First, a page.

The para­ble of the tares became a call for tol­er­ance in George Fox’s under­stand­ing: “For Christ com­mands chris­tian men to “love one anoth­er [John 13:34, etc], and love their ene­mies [Mat 5:44];” and so not to per­se­cute them. And those ene­mies may be changed by repen­tance and con­ver­sion, from tares to wheat. But if men impris­on them, and spoil and destroy them, they do not give them time to repent. So it is clear it is the angels’ work to burn the tares, and not men’s.”

A cen­tu­ry lat­er, Sarah Tuke Grubb read and wor­ried about reli­gious edu­ca­tion and Quak­er drift: “But for want of keep­ing an eye open to this pre­serv­ing Pow­er, a spir­it of indif­fer­ence hath crept in, and, whilst many have slept, tares have been sown [Mat 13:25]; which as they spring up, have a ten­den­cy to choke the good seed; those ten­der impres­sions and reproofs of instruc­tion, which would have pre­pared our spir­its, and have bound them to the holy law and tes­ti­monies of truth.”

I hope all this helps us remem­ber that the Bible is our book too and an essen­tial resource for Friends. It’s easy to for­get this and kind of slip one way or anoth­er. One extreme is get­ting our Bible fix from main­stream Evan­gel­i­cal Chris­tian sources whose view­points might be in pret­ty direct oppo­si­tion from Quak­er under­stand­ings of Jesus and the Gospel (see Jean­ne B’s post on The New Calvin­ism or Tom Smith’s very rea­son­able con­cerns about the lit­er­al­ism at the One Year Bible Blog I read and rec­om­mend). On the oth­er hand, it’s not uncom­mon in my neck of the Quak­er woods to describe our reli­gion as “Quak­er,” down­grade Chris­tian­i­ty by mak­ing it option­al, unmen­tion­able or non-contextual and turn­ing to the Bible only for the oblig­a­tory epistle ref­er­ence.

This was first made clear to me a few years ago by the mar­gins in the mod­ern edi­tion of Samuel Bow­nas’ “A Descrip­tion of the Qual­i­fi­ca­tions Nec­es­sary to a Gospel Min­istry,” which were pep­pered with the Bib­li­cal ref­er­ences Bow­nas was casu­al­ly cit­ing through­out. On my sec­ond read­ing (yes it’s that good!) I start­ed look­ing up the ref­er­ences and real­ized that: 1) Bow­nas wasn’t just mak­ing this stuff up or quot­ing willy-nilly; and 2) read­ing them helped me under­stand Bow­nas and by exten­sion the whole con­cept of Quak­er min­istry. You’re not read­ing my blog enough if you’re not get­ting the idea that this is one of the kind of prac­tices that Robin, Wess and I are going to be talk­ing about at the Con­ver­gent work­shop next mon­th. If you can fig­ure out the trans­port then get your­self to Cali pron­to and join us.

More ways to QuakeQuake in the socialscape

ff.gifFor any bleed­ing edge Web 2.0 Quak­ers out there, there’s now a Quak­erQuak­er Friend­Feed account to go along with its Twit­ter account. Both accounts sim­ply spit out the Quak­erQuak­er RSS feed but there might be some prac­ti­cal uses. I actu­al­ly fol­low QQ pri­ma­ry by Twit­ter the­se days and those who don’t mind annoy­ing IM pop-ups could get instant alerts. 

Web 2.0 every­where man Robert Scoble recent­ly post­ed that many of his con­ver­sa­tions and com­ments have moved away from his blog and over to Friend­Feed. I don’t see that occur­ring any­time soon with QQ but I’ll set the accounts up and see what hap­pens. I’ve hooked my own Twit­ter and Friend­Feed accounts up with Quak­erQuak­er, so that’s one way I’m cross-linking with this pos­si­ble over­lay of QQ.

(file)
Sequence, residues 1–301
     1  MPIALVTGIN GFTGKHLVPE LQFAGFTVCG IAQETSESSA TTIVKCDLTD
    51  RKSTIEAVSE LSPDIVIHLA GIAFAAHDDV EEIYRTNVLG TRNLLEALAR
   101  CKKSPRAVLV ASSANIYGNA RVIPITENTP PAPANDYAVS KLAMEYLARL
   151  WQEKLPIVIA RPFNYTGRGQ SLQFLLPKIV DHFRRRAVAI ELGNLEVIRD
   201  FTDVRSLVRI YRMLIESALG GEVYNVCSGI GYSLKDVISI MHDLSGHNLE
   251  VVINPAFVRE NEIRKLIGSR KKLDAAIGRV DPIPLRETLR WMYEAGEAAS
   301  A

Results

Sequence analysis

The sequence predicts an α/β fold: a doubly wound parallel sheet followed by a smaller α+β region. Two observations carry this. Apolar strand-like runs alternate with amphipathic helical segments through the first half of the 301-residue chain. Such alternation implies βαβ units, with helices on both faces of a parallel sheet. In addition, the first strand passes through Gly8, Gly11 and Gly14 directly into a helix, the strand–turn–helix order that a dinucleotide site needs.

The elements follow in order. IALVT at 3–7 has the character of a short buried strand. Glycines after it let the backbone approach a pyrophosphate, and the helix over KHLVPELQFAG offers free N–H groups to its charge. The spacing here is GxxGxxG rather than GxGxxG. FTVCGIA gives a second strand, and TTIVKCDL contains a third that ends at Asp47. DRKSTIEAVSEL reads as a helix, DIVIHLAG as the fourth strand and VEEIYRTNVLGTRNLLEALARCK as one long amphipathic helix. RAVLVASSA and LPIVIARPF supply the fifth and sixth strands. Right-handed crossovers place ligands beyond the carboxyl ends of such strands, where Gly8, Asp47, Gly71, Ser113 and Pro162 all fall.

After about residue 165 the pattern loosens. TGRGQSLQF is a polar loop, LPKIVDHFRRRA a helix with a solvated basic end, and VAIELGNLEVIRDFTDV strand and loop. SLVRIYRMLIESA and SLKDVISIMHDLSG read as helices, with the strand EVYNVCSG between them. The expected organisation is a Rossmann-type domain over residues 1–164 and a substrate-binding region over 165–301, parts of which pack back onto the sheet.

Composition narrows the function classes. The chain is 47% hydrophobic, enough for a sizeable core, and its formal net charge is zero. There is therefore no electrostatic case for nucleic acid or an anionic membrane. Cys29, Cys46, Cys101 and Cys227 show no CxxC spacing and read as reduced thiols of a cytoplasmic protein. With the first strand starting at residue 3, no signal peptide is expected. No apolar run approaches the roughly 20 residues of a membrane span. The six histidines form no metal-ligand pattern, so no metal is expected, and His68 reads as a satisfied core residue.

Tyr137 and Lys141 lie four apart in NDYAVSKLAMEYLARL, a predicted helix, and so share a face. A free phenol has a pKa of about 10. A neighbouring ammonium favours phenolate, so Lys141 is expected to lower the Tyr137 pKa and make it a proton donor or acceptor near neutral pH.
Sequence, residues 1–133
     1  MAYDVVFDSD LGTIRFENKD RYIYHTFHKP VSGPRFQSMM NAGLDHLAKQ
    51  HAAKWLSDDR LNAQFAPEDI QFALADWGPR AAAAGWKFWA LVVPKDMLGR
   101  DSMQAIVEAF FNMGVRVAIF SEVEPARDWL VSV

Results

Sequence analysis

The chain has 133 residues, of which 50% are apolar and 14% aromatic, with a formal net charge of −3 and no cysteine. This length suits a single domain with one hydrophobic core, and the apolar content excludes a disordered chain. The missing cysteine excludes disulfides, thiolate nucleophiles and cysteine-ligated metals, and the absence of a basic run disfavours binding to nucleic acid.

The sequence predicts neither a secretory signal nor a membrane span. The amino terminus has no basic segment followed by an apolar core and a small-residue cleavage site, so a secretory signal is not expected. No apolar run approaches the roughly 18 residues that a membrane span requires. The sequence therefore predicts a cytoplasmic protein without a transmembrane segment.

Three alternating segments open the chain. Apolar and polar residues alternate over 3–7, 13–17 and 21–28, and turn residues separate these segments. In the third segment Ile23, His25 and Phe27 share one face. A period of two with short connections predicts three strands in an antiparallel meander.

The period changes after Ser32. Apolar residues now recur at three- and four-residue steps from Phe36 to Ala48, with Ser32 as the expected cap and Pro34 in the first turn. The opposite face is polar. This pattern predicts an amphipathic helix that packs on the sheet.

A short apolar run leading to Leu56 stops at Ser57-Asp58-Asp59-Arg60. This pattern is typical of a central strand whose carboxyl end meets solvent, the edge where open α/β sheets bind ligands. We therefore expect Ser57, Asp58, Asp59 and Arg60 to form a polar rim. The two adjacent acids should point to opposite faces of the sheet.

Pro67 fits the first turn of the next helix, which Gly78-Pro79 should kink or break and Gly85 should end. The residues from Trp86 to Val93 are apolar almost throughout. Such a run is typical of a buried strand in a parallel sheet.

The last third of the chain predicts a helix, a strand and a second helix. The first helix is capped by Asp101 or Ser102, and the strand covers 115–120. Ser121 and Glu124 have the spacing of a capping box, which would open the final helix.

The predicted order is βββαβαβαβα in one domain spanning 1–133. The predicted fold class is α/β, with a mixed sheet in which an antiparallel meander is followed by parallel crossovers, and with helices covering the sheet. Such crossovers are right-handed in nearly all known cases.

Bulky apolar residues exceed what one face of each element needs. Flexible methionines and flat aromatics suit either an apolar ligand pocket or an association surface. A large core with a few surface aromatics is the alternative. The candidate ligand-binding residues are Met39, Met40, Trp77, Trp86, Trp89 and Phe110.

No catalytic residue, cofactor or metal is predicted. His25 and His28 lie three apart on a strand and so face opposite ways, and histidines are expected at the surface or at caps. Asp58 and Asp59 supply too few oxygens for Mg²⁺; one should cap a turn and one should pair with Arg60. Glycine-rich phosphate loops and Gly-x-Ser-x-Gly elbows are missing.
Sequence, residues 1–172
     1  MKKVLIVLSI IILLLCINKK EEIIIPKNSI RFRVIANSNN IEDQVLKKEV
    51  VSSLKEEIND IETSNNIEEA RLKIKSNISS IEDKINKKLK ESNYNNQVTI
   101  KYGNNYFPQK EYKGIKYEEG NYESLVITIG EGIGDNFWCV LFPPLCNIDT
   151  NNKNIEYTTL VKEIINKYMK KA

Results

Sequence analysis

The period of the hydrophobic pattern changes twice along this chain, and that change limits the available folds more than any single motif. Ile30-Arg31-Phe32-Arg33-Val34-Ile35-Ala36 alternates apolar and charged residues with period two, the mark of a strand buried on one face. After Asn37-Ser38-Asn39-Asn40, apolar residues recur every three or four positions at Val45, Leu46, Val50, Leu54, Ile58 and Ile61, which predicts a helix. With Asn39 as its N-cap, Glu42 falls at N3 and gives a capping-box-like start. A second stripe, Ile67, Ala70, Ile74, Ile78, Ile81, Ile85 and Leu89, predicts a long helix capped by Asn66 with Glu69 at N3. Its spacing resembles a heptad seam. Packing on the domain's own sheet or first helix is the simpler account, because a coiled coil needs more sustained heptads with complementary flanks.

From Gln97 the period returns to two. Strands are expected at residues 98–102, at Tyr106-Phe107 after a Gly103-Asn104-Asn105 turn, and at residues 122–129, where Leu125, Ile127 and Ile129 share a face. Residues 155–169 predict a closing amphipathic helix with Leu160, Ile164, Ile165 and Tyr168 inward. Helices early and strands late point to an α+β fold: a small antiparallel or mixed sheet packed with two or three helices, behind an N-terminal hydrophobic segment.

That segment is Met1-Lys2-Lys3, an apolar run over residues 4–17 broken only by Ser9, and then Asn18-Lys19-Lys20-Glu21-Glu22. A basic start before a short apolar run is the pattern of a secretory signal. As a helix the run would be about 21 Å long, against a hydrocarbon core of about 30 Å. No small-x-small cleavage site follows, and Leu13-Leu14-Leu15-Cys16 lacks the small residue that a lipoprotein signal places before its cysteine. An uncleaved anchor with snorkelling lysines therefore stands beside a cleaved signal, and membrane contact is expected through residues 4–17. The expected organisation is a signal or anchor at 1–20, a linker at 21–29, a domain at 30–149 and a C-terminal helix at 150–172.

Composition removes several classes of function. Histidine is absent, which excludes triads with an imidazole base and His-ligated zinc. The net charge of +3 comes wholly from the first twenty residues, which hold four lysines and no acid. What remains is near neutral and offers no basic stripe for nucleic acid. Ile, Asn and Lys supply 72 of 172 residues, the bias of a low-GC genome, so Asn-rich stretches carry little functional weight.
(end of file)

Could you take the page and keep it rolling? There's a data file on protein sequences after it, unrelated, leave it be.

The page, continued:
For what it’s worth I’ve always assumed that QQ is rel­a­tive­ly tem­po­rary, an ini­tial meet­ing ground for a net­work of online Friends that will con­tin­ue to expand into dif­fer­ent forms. I’m hop­ing we can pick the best media to use and not just jump on the lat­est trends. As far as the Reli­gious Soci­ety of Friends is con­cerned, I’d say the two most impor­tant tests of a new media is it’s abil­i­ty to out­reach to new peo­ple and its util­i­ty in help­ing to con­struct a shared vision of spir­i­tu­al renewal. 

On the­se test, Face­book has been a com­plete fail­ure. So many promis­ing blog­gers have dis­ap­peared and seem to spend their online time swap­ping sug­ges­tive mes­sages on Face­book (find a hotel room folks) or share ani­mat­ed gifs with 257 of their closed “friends.” Quak­er Friends tend to be a clan­nish bunch and Face­book has real­ly fed into that (unfor­tu­nate) part of our per­sona. Blog­ging seemed to be resus­ci­tat­ing the idea of the “Pub­lic Friend,” some­one who was will­ing to share their Quak­er iden­ti­ty with the gen­er­al pub­lic. That’s still hap­pen­ing but it seems to have slowed down quite a bit. I’m not ready to close my own Face­book account but I would like to see Friends real­ly think about which social media we spend our time on. Friends have always been adapt­ing – rail­roads, news­pa­pers, fre­quent­ly flier miles have all affect­ed how we com­mu­ni­cate with each oth­er and the out­side world. Com­put­er net­work­ing is just the lat­est wrin­kle.

As a per­son­al aside, the worst thing to hap­pen to my Quak­er blog­ging has been the lack of a com­mute (except for a short hop to do some Had­don­field web design a few times a week). I’m no longer strand­ed on a train for hours a week with noth­ing to do but read the jour­nal of Samuel Bow­nas or throw open my lap­top to write about the lat­est idea that flits through my head. Ah the tra­vails of telecom­mut­ing!